On a bunk aboard the troop ship that took him to Vietnam, a soldier called "Little Ty" scrawled a message of hope and home. "See ya at the Blue Sal!" he wrote in August 1967, promising to return to North Philadelphia after a year at war. Ty's canvas rack is now at the Smithsonian, part of the institution's military collection, and a photograph of it is on display at the Independence Seaport Museum in an exhibition of Vietnam-era graffiti. But despite a decade of periodic searches by historians, journalists, and even a Philadelphia detective, Little Ty's identity has remained a mystery.
ENTERTAINMENT
December 3, 2014 | By Stephan Salisbury, Inquirer Staff Writer
The Civil War ended, the constitutional amendments abolishing slavery and establishing civil and legal humanity of African Americans passed - a new day dawned in 19th-century America. Meet the new day, same as the old day. Reconstruction ended in 1877, blacks were disenfranchised, the Supreme Court gave its imprimatur to segregation in 1896; a half-century passed before civil rights dominated the national stage again. Mostly this story is told as it unfolded in the South. But what of the North?
NEWS
November 25, 2014 | By Melanie Burney, Inquirer Staff Writer
Newly arrived Iraqi refugee Razan Alkasey struggled Sunday to find the right words to explain the meaning of Thanksgiving. After recounting a harrowing escape from Baghdad with her four sons and a daughter and only a few belongings, Alkasey, 48, easily embraced the American holiday tradition and ticked off a list. "I thank God for freedom," she said. "I thank God we are all together. I thank God for everything, for giving me this opportunity to come here for a new life. " Alkasey was among about 200 refugees who attended a festive gathering to share a Thanksgiving meal at the Old Pine Community Center in South Philadelphia.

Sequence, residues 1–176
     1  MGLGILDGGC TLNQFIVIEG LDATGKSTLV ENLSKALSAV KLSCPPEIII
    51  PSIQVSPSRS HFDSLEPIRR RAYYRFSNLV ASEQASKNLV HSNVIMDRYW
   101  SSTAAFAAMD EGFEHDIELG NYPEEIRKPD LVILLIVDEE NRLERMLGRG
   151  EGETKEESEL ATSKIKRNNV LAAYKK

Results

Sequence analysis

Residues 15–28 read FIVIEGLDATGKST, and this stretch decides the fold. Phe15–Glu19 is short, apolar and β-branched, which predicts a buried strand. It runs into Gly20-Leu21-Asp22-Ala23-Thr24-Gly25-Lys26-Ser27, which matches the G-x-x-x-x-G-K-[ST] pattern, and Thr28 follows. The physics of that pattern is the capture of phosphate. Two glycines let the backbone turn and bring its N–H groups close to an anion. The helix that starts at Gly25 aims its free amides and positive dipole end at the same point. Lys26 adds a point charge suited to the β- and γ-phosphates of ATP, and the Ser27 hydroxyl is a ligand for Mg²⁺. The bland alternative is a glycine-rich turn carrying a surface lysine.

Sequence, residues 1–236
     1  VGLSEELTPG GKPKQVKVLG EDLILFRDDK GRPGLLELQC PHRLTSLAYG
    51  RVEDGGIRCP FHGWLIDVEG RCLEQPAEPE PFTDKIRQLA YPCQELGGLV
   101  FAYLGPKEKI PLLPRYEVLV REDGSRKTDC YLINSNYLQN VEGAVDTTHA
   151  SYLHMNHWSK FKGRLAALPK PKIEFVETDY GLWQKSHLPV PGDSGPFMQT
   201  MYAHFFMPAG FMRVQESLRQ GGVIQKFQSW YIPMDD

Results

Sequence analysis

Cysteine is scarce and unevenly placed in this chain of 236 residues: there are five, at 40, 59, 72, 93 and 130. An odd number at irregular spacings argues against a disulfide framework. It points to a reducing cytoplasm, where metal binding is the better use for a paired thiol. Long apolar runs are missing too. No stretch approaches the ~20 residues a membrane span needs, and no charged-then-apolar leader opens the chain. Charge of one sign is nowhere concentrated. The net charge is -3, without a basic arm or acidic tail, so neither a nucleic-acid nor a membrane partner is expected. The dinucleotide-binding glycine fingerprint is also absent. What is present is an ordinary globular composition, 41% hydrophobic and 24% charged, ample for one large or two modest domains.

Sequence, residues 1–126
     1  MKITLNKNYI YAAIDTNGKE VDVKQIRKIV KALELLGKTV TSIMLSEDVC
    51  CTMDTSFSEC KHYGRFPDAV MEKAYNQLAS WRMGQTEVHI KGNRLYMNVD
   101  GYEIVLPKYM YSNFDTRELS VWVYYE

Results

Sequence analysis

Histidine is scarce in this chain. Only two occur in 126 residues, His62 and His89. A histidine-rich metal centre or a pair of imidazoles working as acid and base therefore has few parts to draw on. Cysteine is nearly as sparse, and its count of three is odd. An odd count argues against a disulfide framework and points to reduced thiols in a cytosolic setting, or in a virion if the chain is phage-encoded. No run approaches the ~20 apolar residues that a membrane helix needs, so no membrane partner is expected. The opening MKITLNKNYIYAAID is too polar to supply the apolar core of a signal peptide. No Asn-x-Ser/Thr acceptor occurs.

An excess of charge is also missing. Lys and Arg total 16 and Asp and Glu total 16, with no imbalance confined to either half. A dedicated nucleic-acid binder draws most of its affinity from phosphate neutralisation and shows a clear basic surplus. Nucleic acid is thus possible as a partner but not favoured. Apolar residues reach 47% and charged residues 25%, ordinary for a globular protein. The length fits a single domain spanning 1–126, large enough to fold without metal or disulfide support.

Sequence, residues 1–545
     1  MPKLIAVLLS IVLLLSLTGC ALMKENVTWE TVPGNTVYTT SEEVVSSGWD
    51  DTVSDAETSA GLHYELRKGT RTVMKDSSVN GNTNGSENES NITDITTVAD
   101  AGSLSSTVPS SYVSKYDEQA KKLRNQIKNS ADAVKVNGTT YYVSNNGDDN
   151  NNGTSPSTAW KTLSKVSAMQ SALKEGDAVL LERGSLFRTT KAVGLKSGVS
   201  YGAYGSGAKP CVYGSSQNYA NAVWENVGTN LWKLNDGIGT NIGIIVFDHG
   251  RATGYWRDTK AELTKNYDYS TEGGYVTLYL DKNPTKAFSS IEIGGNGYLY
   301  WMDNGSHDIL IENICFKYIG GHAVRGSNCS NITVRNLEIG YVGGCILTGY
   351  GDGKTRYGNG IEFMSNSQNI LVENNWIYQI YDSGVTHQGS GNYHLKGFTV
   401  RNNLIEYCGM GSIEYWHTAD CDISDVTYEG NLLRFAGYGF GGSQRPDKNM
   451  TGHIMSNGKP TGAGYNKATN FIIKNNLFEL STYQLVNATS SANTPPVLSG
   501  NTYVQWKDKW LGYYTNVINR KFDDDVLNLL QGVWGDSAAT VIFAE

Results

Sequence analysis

NEWS
November 19, 2014 | Inquirer Editorial Board
Is the technology-powered transportation network UberX a dangerous "illegal hack taxi" service, as Philadelphia Parking Authority chieftain Vince Fenerty quaintly insisted in a recent Inquirer op-ed? Or is it a forward-looking taxi alternative that, as a spokesman insists, merely provides "the safe and reliable rides that Pennsylvanians need and deserve"? According to a paradoxical Public Utility Commission ruling last week, it's both. The commission gave Uber, the San Francisco-based company whose low-cost ride-sharing network is called UberX, a two-year license to provide its presumably safe and reliable rides throughout most of the commonwealth.
NEWS
November 16, 2014 | By Dylan Purcell and Mike Newall, Inquirer Staff Writers